This is AI generated summarization, which may have errors. For context, always refer to the full article.
MANILA, Philippines – Island thinking. To each his own. Quite literally, our higher education institutions (HEIs) are taking competition too seriously that we’re moving at a snail’s pace toward internationalization.
At least this is what presidents of two of the top universities in the country think. This is why the impending ASEAN economic integration poses more fears – and overshadows possibilities – as 2015 closes in. (READ: Is PH ready for Asean 2015?)
“Quality assurance is very important for us to compete in the region,” University of the Philippines (UP) President Alfredo Pascual said in a conference Tuesday, November 19.
According to Pascual, the Philippines needs its government to heavily invest in higher education the way its neighboring countries do so more HEIs, especially public ones, will go for quality.
Education as investment
But in reality – and in the words of Commission on Higher Education (CHED) regional director Catherine Castañeda – “the private sector stirs higher education” in the country, and one private university is aware of that.
In the same conference, Ateneo de Manila University (AdMU) President Fr Jose Ramon Villarin noted that among ASEAN nations, the top 3 universities are always public universities. Except in the Philippines.
The 2013 QS University Rankings for Asia placed UP, AdMU and the University of Santo Tomas as the country’s top 3 universities. The last two are private universities.
“I can just imagine if government can just fund education – public or private – I think we will go places,” Villarin said.
But the price of quality in private HEIs is high. “I’m sorry if they say Ateneo is for the rich kids. It’s true…If I did not charge P150,000, my teachers will go elsewhere. That is the price of quality.”
Compete and collaborate
The lack of investment already makes the playing field uneven, and the challenge to internationalization is not helping.
“[There is a] resistance of sectors about going international because of the belief that as state universities and colleges, our obligation is to our country and the nation,” Pascual said.
Villarin agreed, saying the mindset of HEIs in the country contradicts the very nature of a university, which is to have broader horizons.
“Despite our proverbial openness to foreigners, we are still an archipelago. We are still divided into tribes – we see that not only in politics, but even in universities…This is the challenge: How do we move beyond our narrow interests?”
For the two presidents, collaboration among Philippine HEIs is key.
“We can redefine internationalization by making it more inclusive. Ang danger, yung mga malalakas, magagaling lang ang mauuna. (The danger is that only the strong, competitive ones will lead). Uneven playing field can be a hurtful thing. We will increase our prospect if we create strategic alliances among our universities,” Villarin said.
Do rankings matter?
Rankings are slowly becoming important road signs towards internationalization, even if the two universities and CHED are wary of criteria. (READ: UP, AdMU, UST lose ground in world rankings)
“We’re not fully sold on rankings, but it’s something we cannot ignore. We’ll be ranked, and it will affect our reputation,” Pascual admitted. Villarin, for his part, said the criteria of these rankings do not reflect the university’s mandate as a whole.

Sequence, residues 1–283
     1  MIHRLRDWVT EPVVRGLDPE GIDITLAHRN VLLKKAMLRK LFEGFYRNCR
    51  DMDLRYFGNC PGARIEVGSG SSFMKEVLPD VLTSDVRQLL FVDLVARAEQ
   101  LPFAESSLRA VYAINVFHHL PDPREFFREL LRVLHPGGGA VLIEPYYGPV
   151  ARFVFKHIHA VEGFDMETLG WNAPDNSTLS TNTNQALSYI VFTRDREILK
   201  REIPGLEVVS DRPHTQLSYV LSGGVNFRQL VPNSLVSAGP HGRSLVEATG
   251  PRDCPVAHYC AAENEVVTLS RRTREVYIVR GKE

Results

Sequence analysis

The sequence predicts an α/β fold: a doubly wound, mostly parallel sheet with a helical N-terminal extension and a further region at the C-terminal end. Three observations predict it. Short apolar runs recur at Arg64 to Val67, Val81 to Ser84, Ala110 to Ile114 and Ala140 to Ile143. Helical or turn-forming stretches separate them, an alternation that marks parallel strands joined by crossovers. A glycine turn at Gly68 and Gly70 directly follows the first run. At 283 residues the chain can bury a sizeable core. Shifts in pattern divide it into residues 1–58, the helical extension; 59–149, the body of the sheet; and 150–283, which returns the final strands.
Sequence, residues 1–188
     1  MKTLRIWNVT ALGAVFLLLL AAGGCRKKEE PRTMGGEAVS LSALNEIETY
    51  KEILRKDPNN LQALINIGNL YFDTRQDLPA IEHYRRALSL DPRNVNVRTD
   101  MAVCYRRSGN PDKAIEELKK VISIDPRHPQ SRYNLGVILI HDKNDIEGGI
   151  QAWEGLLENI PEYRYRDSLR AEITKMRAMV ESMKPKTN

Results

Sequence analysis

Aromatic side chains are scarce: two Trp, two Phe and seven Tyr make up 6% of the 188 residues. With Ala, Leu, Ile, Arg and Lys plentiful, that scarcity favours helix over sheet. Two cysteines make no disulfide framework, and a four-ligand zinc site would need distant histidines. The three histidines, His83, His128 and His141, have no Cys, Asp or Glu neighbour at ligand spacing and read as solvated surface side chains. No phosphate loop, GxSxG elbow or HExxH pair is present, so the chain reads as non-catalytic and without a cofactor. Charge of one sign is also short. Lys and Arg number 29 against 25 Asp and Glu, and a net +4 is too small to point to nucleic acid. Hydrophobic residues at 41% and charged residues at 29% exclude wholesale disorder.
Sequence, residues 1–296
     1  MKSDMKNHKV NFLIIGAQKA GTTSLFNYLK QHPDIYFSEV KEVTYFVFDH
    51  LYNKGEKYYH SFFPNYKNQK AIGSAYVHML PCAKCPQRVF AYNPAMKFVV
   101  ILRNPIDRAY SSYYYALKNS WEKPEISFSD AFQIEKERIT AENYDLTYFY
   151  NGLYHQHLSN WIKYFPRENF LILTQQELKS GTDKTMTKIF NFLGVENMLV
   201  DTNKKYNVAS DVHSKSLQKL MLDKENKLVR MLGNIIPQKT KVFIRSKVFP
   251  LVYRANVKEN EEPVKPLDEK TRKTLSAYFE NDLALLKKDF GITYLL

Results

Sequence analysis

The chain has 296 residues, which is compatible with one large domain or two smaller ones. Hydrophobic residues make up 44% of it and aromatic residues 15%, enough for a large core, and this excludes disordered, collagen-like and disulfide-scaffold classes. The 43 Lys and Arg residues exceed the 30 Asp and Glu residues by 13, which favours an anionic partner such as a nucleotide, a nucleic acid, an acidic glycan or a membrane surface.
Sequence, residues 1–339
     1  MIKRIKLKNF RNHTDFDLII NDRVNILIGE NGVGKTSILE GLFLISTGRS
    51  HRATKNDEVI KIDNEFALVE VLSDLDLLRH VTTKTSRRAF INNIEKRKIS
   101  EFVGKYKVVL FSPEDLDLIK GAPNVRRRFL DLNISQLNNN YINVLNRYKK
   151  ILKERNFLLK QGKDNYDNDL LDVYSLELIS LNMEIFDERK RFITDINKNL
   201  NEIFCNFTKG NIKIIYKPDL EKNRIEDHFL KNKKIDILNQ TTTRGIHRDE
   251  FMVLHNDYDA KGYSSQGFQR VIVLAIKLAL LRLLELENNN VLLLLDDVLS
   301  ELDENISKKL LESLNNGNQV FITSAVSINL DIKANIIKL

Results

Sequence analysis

Still, universities take their cue from these rankings, especially when it comes to research. For instance, both Pascual and Villarin saw how poorly the country is performing compared to other ASEAN countries in the creation of new knowledge.
“As a country, we only produce 600 papers while in Singapore, one university alone produces thousands,” Villarin said, noting that research papers produced by AdMU are not cited, meaning, “our work does not matter.”
Pascual agreed: “Look at our performance as a research country – very embarrassing, it’s a shame. [The] Philippines is at the very bottom.”
The challenge in research writing still goes back to the lack of support systems in HEIs.
“I’m a firm believer of economic incentives. [What’s the] reason [why faculty members are] not writing? The price is not right. But it does not mean we need to raise the amount. We need to reduce the hurdles. I think we need to provide our researchers some support,” he added.
Join the global conversation
This year’s topnotcher in the QS University Rankings for Asia is The Hong Kong University of Science and Technology. According to Pascual, it is a small university with only 3 colleges but has excelled as it focused on science and technology.
If Hong Kong can do it, it’s not impossible for the Philippines to achieve such feat.
“We need to focus [and] define our niche program, the competitive advantage of our regions, and focus on programs needed in our respective areas. This way we achieve excellence and become competitive,” Pascual said.
At this point, internationalization may seem a gargantuan task considering the country‘s 656 public HEIs and 1,643 private ones. But Villarin said looking at it not as an end in itself but a means to improvement might just do the trick.
“I would rather look at ASEAN integration as challenge, not a threat, to contribute to global conversation…We will discover what we need to improve…In the very process of regional involvement, we strengthen our love for country,” he said. – Rappler.com